The Chancellor yesterday defended Britain's arrangements for banking regulation but admitted improvements were needed for them to operate properly in future.
There has been fierce criticism of the apparent confusion between the Bank of England, the Financial Services Authority and the Treasury that surrounded the near-collapse of Northern Rock. Some have called for a redrawing of responsibilities in the three-way arrangement introduced by Gordon Brown when he was Chancellor in 1997, but Alistair Darling rejected the idea.
"This is a model others around the world are now following. But we do need to review how the framework has operated and put in place whatever practical improvements are needed," Mr Darling told the House of Commons. "We need to make more reforms to prevent problems happening internationally and in Britain."
The Chancellor published a consultation paper on revamping the scheme for compensating depositors, in which he seemed to bow to industry pressure by leaving open the question of the maximum sum for compensation.
Shortly after he was forced to guarantee Northern Rock's deposits to stop a run on the bank, Mr Darling had suggested £100,000 as a maximum figure but yesterday's consultation paper said the current £35,000 covered most deposits and compared well with other countries. The paper asked if coverage should be increased and did not suggest a higher figure.
Big banks have opposed a big increase because they would be the main funders of the scheme but would be the least likely to use it.
But Mr Darling is said to be under pressure from his own backbenchers, who are pressing for him to increase the limit to £100,000 because it will soothe constituents' concerns. The Northern Rock crisis has become a hot political issue and its aftermath coincides with the revival of the Conservative opposition, which wants to pin the blame on the Government.
George Osborne, the shadow Chancellor, attacked the authorities' handling of the crisis, saying: "When the crunch came, no one knew who was in charge."
The Treasury also sought views on ensuring essential banking services are maintained if a bank is in crisis and for changes to insolvency arrangements for banks to protect depositors and maintain confidence in the financial system.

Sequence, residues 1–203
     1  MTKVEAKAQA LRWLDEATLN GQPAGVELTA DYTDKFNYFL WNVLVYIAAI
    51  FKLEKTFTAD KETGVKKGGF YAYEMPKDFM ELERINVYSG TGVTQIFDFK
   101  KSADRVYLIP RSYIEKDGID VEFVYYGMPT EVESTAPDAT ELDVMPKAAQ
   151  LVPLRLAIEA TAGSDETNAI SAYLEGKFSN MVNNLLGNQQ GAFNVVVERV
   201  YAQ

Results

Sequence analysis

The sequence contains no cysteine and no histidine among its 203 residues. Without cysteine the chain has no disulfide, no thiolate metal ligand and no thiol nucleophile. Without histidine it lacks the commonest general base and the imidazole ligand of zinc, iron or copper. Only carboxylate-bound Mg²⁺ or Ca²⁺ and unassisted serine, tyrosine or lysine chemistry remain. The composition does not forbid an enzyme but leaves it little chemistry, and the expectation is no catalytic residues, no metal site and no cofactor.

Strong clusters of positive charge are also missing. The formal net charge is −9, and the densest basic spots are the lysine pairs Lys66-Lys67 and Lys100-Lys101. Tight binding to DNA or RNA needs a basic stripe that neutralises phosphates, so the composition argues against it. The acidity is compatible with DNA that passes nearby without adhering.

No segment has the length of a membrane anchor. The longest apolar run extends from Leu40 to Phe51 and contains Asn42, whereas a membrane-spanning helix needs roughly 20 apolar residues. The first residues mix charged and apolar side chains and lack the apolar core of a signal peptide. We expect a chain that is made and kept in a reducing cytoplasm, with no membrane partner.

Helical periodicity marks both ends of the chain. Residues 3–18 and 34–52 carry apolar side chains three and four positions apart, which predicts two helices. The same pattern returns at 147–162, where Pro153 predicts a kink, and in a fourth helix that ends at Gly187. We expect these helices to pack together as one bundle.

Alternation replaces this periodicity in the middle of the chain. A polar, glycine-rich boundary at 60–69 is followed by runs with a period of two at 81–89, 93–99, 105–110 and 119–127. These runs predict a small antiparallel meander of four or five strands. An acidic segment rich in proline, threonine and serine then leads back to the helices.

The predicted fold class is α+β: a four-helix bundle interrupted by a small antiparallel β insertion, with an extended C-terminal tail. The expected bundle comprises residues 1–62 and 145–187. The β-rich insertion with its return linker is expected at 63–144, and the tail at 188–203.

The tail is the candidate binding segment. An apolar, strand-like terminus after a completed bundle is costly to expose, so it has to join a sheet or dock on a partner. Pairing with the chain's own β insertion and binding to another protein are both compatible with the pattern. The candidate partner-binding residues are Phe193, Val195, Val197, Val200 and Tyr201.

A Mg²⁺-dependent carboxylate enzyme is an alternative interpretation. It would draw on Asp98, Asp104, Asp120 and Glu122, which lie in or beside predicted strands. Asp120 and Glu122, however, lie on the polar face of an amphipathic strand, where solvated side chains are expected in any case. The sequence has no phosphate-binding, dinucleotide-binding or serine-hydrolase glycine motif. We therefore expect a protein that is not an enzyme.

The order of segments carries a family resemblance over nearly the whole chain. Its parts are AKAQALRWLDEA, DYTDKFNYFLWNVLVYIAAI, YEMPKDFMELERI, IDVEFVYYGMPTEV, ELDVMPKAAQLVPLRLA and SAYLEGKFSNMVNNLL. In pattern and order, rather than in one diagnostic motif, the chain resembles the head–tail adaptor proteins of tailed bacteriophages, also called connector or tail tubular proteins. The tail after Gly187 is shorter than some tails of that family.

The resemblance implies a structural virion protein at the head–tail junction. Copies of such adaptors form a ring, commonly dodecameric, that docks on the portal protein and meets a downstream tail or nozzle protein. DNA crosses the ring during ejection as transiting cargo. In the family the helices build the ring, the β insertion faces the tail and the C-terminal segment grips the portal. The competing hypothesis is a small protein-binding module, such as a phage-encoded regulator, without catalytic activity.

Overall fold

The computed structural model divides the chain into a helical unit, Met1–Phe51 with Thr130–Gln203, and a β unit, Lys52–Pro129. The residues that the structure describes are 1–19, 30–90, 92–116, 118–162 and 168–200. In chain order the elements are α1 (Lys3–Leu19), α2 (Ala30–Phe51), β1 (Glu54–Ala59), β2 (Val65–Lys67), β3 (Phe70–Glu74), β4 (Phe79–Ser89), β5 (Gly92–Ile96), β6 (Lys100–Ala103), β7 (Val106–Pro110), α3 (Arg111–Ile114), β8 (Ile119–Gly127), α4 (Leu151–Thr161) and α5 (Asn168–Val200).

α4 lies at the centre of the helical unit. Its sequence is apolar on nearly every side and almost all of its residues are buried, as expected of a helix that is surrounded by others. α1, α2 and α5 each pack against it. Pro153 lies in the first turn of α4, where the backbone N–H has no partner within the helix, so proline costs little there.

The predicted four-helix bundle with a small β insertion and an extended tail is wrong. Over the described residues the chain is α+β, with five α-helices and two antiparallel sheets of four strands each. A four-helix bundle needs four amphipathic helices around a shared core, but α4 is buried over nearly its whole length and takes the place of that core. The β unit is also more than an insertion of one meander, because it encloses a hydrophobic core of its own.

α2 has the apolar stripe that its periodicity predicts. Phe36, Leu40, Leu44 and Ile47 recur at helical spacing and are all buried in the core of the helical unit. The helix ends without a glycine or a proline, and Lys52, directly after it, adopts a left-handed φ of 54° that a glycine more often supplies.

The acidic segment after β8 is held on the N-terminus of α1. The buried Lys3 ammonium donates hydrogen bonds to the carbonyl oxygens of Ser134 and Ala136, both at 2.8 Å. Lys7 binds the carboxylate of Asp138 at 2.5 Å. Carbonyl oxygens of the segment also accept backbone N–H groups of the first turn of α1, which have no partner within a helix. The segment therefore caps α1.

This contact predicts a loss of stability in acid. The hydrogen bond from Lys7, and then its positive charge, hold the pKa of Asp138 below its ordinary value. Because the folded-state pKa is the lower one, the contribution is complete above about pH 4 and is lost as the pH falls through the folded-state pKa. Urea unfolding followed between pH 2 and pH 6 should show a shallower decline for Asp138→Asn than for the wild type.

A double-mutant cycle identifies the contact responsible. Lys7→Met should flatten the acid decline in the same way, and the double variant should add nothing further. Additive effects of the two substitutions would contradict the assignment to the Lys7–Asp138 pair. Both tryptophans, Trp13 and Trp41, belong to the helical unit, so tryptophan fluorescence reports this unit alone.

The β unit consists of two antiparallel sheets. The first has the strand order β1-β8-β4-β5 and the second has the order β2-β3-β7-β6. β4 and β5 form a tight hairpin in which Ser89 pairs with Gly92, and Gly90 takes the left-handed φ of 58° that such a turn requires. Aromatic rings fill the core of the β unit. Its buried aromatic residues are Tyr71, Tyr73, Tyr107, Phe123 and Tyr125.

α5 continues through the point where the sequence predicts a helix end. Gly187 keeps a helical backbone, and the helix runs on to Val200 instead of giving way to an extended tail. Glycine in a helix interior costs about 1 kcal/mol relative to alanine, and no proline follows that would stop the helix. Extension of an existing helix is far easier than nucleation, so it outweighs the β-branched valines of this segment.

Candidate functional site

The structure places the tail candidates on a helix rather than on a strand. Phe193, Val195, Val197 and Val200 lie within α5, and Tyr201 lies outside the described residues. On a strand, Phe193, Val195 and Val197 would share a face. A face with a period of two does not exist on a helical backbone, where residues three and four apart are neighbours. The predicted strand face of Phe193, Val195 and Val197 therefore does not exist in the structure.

The Chancellor said he would press G7 finance ministers to speed up work on agreements about solvency and liquidity and ask for better information on credit ratings and action to clarify the workings of off-balance sheet investment vehicles. He added that he would propose stronger surveillance of the financial system by the International Monetary Fund and the Financial Stability Forum.
Mr Darling said he would seek legal certainty in Europe about what can be done in confidence to aid a bank in crisis and would consider changing rules to make swift bank takeover possible. The Governor of the Bank of England has said he was hampered by these obstacles when dealing with the Northern Rock crisis.
The British Bankers' Association said it welcomed Mr Darling's moves to restore confidence after the "confusion" over the Northern Rock affair but warned against "hasty political decisions".
Northern Rock's borrowing from the Bank of England is now thought to be £13bn after the central bank's "other assets" increased by £2.3bn this week. The balance-sheet item had been stable before the Bank provided emergency funding to the mortgage lender but has shot up each week since.
The Bank of England has agreed to take a wider range of assets as collateral for its loans to Northern Rock. The mortgage lender hopes that will free higher quality assets so that it can secure commercial funding for its business, reducing its dependence on the Bank.Reuse content